God did answer Jeremiah’s prayer (v.7). His answer was:

  • Stay here and I’ll bless you (vv. 8-12)
  • Don’t go to Egypt or “my wrath will be poured out on you” (v. 18).

Jeremiah urged the people to do what God said, just as they promised they would (vv. 19-22). You’ll have to tune in tomorrow to find out what happened because the story continued into the next chapter. But let’s consider what God’s people did here:

First, what happened to them was traumatic. Imagine a foreign nation breaching the walls of your city, killing tons of people and carrying off most of the rest of them to a foreign city. That would be terrifying.

Second, they didn’t know what to do next. These people were left because they were poor. That means either (a) they had some kind of disability that made providing for themselves impossible or (b) they lacked basic intelligence and skill and were therefore incapable of earning a living for themselves. These are the people who were left; the smartest, most gifted one of them (again, except for Jeremiah) was a failure. They had legitimate reasons to wonder whether or not they would be able to provide for themselves or whether they would starve to death from their own incompetence.

Turning to the Lord for guidance was the exact right move to make. Tomorrow we’ll find out if they actually wanted God’s guidance or if they wanted God’s stamp of approval on what they had already decided to do.

How often do we do the latter–ask for God’s help and guidance but really what we want is for him to approve of our plans? If you or I violate a command or principle of scripture because we think we have some exceptional case but we ask God to “give us wisdom,” we’re not really seeking wisdom but divine favor for our own ways.

God’s word tells us to act differently. Proverbs 3:5 says, “Trust in the Lord with all your heart and lean not on your own understanding.” This verse isn’t designed to give us comfort when we make a decision that we’re not sure about. In other words, if we buy a car or house but we’re afraid it might be a bad decision, Proverbs 3:5 isn’t telling us just to trust the Lord and it will work out OK.

No, Proverbs 3:5 is telling us to trust the Lord by doing what he has revealed. So, for instance, if you marry an unsaved person, you’re leaning on your own understanding. It doesn’t matter how much you ask for God’s guidance and help, your prayer is not sincere. It might come from great fear and desperation but it isn’t sincere.

The remnant went to great pains in verses 5-6 to say that they would do whatever God said.

Are you fully committed to that–to doing the will of God, obeying God’s word? Or is that something you just paste onto the plans you’ve already made in hopes that God will approve?

1 Samuel 2, Jeremiah 40

Read 1 Samuel 2 and Jeremiah 40.

This devotional is about 1 Samuel 2.

Samuel’s conception and birth were quite unusual. They were not miraculous, but they were a direct answer to Hannah’s prayers as we read yesterday in 1 Samuel 1. Hannah’s prayer suggests a bit of bargaining between her and the Lord: Give me “a son, then I will give him to the Lord for all the days of his life” (1:11). This chapter describes what happened in Samuel’s situation but that does not mean it will happen for anyone who prays a similar prayer. Still, the desire that caused her to pray for a son was a good and godly desire in the eyes of God so he graciously answered Hannah’s prayer.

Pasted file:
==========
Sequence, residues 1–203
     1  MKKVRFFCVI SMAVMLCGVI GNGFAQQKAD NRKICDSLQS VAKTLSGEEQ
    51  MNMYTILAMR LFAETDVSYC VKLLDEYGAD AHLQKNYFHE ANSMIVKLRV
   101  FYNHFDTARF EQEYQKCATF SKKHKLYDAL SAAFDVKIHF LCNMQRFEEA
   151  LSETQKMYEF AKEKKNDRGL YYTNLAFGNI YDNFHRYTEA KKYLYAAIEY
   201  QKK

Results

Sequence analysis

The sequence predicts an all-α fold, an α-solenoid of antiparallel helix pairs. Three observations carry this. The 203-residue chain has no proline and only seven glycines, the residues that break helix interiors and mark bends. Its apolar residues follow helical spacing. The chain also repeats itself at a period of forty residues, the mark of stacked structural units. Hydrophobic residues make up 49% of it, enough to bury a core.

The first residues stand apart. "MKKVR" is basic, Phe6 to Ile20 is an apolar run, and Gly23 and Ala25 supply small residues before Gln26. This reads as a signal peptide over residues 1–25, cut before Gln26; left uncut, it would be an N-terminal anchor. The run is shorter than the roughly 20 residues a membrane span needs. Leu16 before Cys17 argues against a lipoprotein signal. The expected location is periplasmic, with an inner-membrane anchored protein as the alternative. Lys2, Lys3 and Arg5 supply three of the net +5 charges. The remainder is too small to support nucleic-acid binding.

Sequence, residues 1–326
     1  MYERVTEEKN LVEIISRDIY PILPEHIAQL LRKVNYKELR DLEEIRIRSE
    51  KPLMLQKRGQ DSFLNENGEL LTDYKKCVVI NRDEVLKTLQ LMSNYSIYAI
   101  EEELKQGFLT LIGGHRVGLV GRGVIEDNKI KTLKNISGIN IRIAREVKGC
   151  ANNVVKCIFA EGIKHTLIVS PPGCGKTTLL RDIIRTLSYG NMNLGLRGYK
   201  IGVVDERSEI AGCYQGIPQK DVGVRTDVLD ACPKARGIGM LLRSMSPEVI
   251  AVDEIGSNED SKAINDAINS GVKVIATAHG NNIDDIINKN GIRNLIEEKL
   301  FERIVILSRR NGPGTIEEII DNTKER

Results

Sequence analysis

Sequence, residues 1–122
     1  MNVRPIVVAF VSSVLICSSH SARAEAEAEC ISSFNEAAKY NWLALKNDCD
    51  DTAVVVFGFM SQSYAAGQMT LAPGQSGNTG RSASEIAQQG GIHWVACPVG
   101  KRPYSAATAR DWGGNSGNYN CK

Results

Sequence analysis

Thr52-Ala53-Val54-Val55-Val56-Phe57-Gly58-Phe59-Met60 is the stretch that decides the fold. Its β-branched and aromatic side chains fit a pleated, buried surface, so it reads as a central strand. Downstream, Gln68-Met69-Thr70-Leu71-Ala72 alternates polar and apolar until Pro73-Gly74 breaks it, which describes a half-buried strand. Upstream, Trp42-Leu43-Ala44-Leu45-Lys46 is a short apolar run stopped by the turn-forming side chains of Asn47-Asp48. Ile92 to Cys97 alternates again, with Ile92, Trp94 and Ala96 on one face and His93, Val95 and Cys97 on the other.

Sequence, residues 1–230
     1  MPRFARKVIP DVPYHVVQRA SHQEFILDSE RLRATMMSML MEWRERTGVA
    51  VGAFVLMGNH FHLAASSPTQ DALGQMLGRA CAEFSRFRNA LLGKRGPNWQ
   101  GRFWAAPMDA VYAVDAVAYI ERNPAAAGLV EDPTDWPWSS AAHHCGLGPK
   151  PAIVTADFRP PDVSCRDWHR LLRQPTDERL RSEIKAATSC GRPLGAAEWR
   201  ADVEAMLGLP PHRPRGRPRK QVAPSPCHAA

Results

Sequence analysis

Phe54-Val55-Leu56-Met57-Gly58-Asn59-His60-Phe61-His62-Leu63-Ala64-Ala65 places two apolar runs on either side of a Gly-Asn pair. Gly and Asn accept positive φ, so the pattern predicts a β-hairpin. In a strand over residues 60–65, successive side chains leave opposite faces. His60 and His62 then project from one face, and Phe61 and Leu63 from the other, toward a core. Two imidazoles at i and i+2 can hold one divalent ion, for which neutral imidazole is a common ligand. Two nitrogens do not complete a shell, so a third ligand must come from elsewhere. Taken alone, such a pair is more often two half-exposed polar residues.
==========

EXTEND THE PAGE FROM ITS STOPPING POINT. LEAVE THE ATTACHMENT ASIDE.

At the end of 1 Samuel 1, Hannah made good on her part of the bargain. She dropped off Samuel to live with Eli and assists the priests in the tabernacle at Shiloh (vv. 24-28). Many mothers cry the first day they drop their kid off at school to begin kindergarten. Imagine handing him over to live with another family and only seeing him annually. That must have been a tough day.

But, hard as it was, it was a happy day for Hannah. Today’s reading opened with her heartfelt prayer of thanksgiving to God. “My heart rejoices in the Lord” she said (v. 1) and the rest of the prayer glorified God for who he is (v. 2) and what he does (vv. 4-10). It must have been lonely without the boy that she had prayed so earnestly for, but she knew there was no better life than for him to serve the Lord even if it was away from her.

When I was in high school, a man whose daughter was a year ahead of me in school told my mom that he was afraid his daughter would marry a missionary and that he would never see her again. Have you ever worried about this? Does the idea that your child might serve the Lord somewhere far away (in America or some other country) bring you fear or joy? Hannah was overjoyed to know that her son was serving the Lord and she parted with him at a much younger age than we parents do once our children are grown. Hannah’s example of bargaining with the Lord is not the thing we should emulate about her. But we should emulate her desire to see her child serve God and her joy when he did serve the Lord.

Do you pray for your children to serve the Lord with their lives? Would it bring you more joy to have a child that is living for God and serving Him in a far away place or a child who is living across the street in sin or with little desire to serve the Lord?

Deuteronomy 31, Isaiah 58

Read Deuteronomy 31 and Isaiah 58.

This devotional is about Isaiah 58.

There is a place for symbolism and ceremony when it comes to following the Lord. In the Deuteronomy 31 chapter that we also read today, God commissioned Joshua (vv. 14-15), a symbolic act where the Lord officially recognized Joshua as Israel’s leader. So, symbolism sometimes is useful.